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Independent advisers leaving wirehouses, taking more marketshare — Denver Business Journal
by Monica Mendoza
Jul 14, 2017, 4:02am MDT
When financial adviser Marti Awad sits down with a client, she has autonomy in her work. She doesn’t feel pressure to sell products to her client that they don’t want or need. And she acts as a fiduciary, meaning she puts her client’s interests first.
For all those reasons, she joined three other financial advisers and walked out of the big New York-based Bank of America Merrill Lynch a year and a half ago to start their own firm, Cardan Capital Partners in Denver. The four partners — Awad, Matthew Papazian, Ross Fox and Sarah Keys — took with them about $640 million in assets under management.
“Merrill Lynch is a huge organization with (about) 15,000 financial advisers; they have to gear the services offered to the whole range – the skill set – of more than 15,000 people,” Awad said. “We like to work more closely with our clients; we like to provide more analysis that we would not have been able to provide at Merrill Lynch.”
Since the financial crisis of 2008-2009, financial advisers have been leaving the big wirehouses for independent firms or to start their own firms, not in droves, but in substantial numbers – enough to take a bigger slice of the market share pie.
Global analytics firm Cerulli Associates says the independent registered investments advisers group grew assets in 2015 at a faster rate than any other group, including the wirehouses. Cerulli projects that registered independent advisers and a hybrid RIA combined will increase their asset market share from 23 percent in 2015 to 28 percent in 2020. In 2015, wirehouse asset base shrank by 1.9 percent.
“While wirehouses still hold a substantial share of assets, RIAs are the growth story,” said Kenton Shirk, associate director at Cerulli.
In recent years, technology has made it much easier to break from the big firm than a decade ago, said Matt Papazian, one of the four founding partners at Cardan Capital Partners, located in Cherry Creek.
“But the primary reason that we broke is that we wanted to be able to provide purely independent advice that was covered by the fiduciary standard,” he said.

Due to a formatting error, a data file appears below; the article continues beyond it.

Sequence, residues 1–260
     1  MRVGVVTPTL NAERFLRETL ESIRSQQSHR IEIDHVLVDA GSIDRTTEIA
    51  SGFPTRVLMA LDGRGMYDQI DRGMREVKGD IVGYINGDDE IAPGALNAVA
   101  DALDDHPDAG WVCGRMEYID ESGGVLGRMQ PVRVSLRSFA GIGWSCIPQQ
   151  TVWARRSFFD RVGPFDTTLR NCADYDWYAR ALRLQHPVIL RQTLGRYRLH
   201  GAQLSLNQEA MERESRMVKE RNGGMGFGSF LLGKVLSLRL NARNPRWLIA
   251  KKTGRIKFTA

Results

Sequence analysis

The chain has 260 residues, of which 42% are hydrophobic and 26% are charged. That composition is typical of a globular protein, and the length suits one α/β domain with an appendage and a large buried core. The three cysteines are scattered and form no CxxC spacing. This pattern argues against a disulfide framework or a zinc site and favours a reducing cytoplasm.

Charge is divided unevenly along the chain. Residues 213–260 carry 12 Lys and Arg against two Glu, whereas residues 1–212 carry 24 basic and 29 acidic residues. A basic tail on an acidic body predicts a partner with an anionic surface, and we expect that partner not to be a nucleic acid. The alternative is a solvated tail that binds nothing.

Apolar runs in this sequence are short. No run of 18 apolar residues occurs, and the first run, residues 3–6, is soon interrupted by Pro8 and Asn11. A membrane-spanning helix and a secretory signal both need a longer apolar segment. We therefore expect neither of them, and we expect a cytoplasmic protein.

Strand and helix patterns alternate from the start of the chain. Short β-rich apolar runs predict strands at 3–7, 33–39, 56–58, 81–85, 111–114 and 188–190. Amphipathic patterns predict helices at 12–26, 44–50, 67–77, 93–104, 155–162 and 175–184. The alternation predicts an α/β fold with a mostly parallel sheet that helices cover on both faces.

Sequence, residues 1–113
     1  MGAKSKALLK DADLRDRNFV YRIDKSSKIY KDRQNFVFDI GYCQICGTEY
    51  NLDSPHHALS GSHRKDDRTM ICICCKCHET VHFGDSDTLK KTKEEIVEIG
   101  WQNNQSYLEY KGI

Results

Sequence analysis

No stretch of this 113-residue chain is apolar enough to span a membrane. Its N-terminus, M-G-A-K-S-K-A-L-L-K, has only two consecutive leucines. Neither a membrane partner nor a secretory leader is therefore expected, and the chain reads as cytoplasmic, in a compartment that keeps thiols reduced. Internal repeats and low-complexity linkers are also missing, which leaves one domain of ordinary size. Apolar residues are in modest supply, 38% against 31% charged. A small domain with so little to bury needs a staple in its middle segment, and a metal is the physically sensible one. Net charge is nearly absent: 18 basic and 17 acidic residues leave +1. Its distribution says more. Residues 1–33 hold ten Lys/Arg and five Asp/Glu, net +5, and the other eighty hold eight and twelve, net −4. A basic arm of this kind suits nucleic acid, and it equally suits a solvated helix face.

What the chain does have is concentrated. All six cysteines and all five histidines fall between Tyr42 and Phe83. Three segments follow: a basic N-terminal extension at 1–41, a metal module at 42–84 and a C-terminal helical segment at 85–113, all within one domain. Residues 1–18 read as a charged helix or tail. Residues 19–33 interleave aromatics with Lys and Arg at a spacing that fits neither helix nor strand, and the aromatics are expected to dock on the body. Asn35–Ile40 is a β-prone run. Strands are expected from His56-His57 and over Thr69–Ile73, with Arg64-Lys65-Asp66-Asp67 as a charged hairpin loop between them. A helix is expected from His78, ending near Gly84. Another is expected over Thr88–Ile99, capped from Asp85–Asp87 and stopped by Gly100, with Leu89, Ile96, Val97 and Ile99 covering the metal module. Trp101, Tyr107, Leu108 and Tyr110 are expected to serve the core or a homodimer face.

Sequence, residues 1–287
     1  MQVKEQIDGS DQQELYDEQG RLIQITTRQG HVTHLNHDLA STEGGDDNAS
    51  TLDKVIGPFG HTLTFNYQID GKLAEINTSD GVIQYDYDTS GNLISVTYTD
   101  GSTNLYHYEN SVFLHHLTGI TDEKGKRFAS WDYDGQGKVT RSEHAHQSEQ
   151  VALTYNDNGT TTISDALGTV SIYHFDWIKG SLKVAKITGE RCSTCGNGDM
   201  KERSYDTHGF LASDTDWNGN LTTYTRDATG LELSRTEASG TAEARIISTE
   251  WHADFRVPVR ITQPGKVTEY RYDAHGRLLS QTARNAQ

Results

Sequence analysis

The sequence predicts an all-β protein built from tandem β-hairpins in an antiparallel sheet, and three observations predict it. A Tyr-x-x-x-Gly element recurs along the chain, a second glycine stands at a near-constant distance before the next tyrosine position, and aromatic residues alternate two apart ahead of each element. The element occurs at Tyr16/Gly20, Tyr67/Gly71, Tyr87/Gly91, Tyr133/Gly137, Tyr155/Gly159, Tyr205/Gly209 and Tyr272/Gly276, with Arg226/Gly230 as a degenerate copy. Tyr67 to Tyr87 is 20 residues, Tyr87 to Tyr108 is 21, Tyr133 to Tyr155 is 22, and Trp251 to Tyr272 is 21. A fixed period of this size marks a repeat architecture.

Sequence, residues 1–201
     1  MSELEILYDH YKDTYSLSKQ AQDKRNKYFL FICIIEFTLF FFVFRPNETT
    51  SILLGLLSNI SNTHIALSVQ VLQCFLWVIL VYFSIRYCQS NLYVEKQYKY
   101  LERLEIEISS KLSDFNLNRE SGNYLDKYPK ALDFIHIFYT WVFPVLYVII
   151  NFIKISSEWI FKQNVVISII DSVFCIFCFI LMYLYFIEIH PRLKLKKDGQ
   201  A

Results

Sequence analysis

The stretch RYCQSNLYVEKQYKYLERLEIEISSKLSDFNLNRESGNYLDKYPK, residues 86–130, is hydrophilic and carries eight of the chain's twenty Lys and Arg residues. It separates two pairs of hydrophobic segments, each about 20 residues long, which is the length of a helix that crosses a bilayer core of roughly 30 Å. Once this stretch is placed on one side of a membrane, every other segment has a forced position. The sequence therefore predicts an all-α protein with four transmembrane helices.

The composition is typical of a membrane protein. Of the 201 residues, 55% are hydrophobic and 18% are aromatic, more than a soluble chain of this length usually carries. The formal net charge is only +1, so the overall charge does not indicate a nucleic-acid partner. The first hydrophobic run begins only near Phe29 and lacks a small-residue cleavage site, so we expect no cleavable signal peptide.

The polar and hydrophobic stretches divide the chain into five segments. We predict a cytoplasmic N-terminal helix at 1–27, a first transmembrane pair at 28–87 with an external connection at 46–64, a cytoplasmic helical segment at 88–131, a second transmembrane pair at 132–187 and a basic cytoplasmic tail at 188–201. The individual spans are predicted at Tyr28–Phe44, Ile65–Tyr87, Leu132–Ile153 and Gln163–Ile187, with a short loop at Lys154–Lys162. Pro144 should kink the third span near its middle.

Clients, he said, have become more aware of the difference between the fiduciary and suitability standards. And things got sticky at the wirehouse when he had to inform clients that he was not technically a fiduciary.
New fiduciary rule raises the bar
Last year the Department of Labor set a new fiduciary rule for all retirement investment advisers, which starting in June requires brokers and registered investment advisers to put their clients’ interests ahead of their own profits. It raises the bar from the “suitability standard,” which meant that broker dealers and advisers ensured that investments were suitable for a client.
Now, they must follow a stricter rule: avoiding conflicts of interest and operating in full transparency. The fiduciary rule is aimed at curbing billions of dollars in fees paid annually by Americans trying to save for retirement. The U.S. Department of Labor, on its website, said the new rules are directed at what the Obama Administration considered a business model that takes retirement money away from Americans through backdoor payments and hidden fees.
Papazian said Cardan Capital Partners is a fiduciary on all investment services, not just retirement.
“The reality is now our agenda is taking care of our clients,” he said. “Whereas the bigger firms, they do have an implicit agenda, and I think clients get that even if they don’t verbalize it.”
Papazian believes the smaller, independent firms, like his, attract independent thinkers. Their sweet spot is clients who are entrepreneurs, C-level executives, foundations and non-profits with roughly between $3.5 million to tens of millions in assets.
“Before we broke — the people we talked to, and I did not believe this for one second, I was skeptical – said you will get more referrals once you are out of the big firm. And that is 100 percent true.”
It just might be the fiduciary rule change that touches off a second wave of advisers fleeing big wirehouses, said Fred Taylor, president and co-founder of Denver-based Northstar Investment Advisors LLC.
He left the big wirehouse to form his own firm 22 years ago. Now, he could see increased competition.
A change in the fiduciary rule also means a change in the fee structure away from commissions inside the wirehouses. And that change may provoke advisers to bust out on their own or join independent firms for the specific reason that they will be fiduciaries.
They will want to move to an asset-based model, and be paid a percentage of the assets under management, Taylor said.
“They might be thinking; how can I make it now? I’ll start my own firm and put the interests of clients first as a fiduciary,” Taylor said.
“Wirehouses are still much bigger – there are more brokers,” he said. “But the trend is moving to IRA space based on compensation at warehouses.”
Merrill Lynch has had no trouble replacing the advisers who have left. In 2015, the company reported a 3 percent increase in financial advisers and in 2016, they were up 1 percent.
Leaving the comfort – and brand – of the big firm was no easy decision, Papazian said.
“It was nerve-racking,” Papazian said. “The first six months were nerve-racking – we were getting all of our systems in place and making sure our clients were going to come over – the majority of our clients came over.”
Monica Mendoza covers banking and financial services, legal services, retail, the economy and economic development, and sports business. Phone: 303-803-9230.